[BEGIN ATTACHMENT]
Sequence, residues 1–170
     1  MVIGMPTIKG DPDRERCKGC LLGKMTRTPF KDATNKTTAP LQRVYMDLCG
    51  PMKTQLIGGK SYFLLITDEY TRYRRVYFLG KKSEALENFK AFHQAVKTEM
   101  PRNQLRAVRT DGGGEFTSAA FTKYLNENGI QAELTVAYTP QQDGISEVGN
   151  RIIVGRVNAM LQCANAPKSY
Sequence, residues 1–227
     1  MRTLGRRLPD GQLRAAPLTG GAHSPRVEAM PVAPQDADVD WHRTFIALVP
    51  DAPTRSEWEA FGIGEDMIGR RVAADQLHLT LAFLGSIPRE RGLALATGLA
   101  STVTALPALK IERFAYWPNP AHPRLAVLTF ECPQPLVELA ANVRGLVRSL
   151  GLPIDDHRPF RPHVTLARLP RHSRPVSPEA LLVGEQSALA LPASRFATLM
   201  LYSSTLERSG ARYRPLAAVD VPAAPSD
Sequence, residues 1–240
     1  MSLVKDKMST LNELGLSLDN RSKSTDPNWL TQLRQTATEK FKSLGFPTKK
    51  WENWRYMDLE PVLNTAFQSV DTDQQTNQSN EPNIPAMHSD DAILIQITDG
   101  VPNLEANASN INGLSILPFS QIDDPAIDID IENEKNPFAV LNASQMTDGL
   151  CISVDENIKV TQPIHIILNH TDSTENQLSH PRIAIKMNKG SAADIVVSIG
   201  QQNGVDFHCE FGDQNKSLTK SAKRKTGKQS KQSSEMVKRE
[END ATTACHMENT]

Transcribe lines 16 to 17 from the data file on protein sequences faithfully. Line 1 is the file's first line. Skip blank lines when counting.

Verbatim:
   151  CISVDENIKV TQPIHIILNH TDSTENQLSH PRIAIKMNKG SAADIVVSIG
   201  QQNGVDFHCE FGDQNKSLTK SAKRKTGKQS KQSSEMVKRE